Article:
According to Unesco’s 2023 Global Education Monitor study, there was little robust research to establish that digital technology intrinsically provided value to education. Private education corporations attempting to sell digital learning solutions financed much of the evidence. It went on to say that their expanding influence on education policy around the world was “cause for concern.”

According to Unesco, countries were “waking up to the importance of putting learners first” when it comes to digital technology. It highlighted China as having set limits for the use of digital devices as teaching tools, limiting them to 30% of total teaching time and requiring pupils to take regular screen breaks.

It acknowledged that online learning “stopped education melting down” when schools and universities closed during Covid-19 lockdowns. It predicted that more than a billion students worldwide switched to online schooling during the pandemic, but it also stated that millions of impoverished students who did not have internet access were excluded.

According to Unesco’s analysis of 200 education systems around the world, one in every six countries has outlawed cellphones in school, either by law or recommendation. These countries included France, which implemented its policy in 2018, and the Netherlands, which will impose limits beginning in 2024.

The Dutch education minister, Robbert Dijkgraaf, announced the restriction this month, saying, “Students need to be able to concentrate and be given the opportunity to study well.” According to scientific evidence, mobile phones are a nuisance. We must safeguard students from this.”

In the United Kingdom, former education secretary Gavin Williamson advocated for a mobile phone ban in schools in 2021 as part of a crackdown on poor student discipline, but education unions criticised this as a “distraction” because schools have smartphone use restrictions in place for years.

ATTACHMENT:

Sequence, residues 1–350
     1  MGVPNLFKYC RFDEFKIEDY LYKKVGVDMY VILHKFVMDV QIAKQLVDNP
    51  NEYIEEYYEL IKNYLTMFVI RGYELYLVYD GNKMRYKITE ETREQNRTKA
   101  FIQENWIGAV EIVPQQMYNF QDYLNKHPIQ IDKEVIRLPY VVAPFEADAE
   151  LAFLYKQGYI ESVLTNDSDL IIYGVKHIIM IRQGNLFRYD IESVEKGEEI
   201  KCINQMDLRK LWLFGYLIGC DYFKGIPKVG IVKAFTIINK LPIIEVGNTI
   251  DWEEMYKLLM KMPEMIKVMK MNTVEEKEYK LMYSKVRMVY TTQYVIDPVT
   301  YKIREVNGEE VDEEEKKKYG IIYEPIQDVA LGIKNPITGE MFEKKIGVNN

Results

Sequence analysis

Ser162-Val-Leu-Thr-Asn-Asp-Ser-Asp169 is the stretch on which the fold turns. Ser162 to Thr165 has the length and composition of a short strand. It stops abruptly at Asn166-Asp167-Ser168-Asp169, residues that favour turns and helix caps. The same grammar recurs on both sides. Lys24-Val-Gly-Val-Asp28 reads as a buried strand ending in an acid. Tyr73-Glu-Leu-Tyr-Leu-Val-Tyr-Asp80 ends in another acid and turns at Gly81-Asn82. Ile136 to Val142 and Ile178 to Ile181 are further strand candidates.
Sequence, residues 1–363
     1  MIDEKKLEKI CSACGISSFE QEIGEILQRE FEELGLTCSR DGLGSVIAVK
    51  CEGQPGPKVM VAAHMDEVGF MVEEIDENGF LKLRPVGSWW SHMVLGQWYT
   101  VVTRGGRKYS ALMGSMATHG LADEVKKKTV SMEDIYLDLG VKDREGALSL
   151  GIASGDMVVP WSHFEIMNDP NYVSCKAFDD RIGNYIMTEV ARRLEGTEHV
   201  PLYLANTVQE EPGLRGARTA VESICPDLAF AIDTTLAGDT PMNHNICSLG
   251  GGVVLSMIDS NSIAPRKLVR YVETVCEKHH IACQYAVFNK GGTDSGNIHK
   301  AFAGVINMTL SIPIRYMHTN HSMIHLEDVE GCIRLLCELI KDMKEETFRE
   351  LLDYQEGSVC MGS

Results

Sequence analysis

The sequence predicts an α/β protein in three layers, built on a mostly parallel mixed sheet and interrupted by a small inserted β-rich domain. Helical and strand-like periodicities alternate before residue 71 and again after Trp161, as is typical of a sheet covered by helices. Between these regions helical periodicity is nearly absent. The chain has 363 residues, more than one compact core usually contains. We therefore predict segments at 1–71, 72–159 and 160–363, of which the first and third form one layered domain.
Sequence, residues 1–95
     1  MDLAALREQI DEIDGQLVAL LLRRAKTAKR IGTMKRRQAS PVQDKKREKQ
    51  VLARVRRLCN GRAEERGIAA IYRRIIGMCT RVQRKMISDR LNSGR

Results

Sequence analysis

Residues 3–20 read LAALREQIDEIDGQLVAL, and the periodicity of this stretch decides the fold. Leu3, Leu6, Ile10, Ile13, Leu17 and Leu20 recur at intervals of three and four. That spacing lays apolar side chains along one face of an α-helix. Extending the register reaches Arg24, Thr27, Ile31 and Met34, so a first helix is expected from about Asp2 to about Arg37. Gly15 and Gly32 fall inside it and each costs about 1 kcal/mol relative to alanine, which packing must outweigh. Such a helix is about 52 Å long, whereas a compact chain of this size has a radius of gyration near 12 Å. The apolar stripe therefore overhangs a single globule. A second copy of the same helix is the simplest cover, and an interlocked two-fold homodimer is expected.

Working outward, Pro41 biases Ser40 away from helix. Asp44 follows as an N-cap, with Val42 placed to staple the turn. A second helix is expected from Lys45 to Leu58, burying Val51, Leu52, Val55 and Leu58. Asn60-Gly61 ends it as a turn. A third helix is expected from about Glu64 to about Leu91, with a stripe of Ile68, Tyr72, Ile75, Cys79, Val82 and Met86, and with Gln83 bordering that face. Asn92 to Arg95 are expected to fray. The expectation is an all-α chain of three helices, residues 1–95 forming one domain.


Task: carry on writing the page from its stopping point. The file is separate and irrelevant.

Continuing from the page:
Smartphone policy in UK secondary schools differ since they are determined by individual headteachers. They usually make sure phones are turned off and out of sight when on school grounds, and that they can only be used in the classroom with the teacher’s approval. Misuse of cell phones or other digital devices on school grounds may result in confiscation and consequences such as incarceration.

“The majority of schools will already have robust policies about mobile phones in place,” said Geoff Barton, general secretary of the Association of School and College Leaders. In most cases, students will be either barred from using them totally during the school day or restricted to using them only in specified circumstances.

“A complete ban on mobile phones on school grounds would raise some practical concerns, such as parents wanting to contact their children while traveling between school and home.” Some students will also use their phones to pay for public transportation.”

“We completely understand the legitimate concerns about mobile phone use, such as cyberbullying, the impact of extended screen time on mental health, and the lack of regulation of large technology companies,” he added. However, the widespread use of smartphones is a societal issue, and the problems that arise as a result are more likely to occur outside of the school gates.”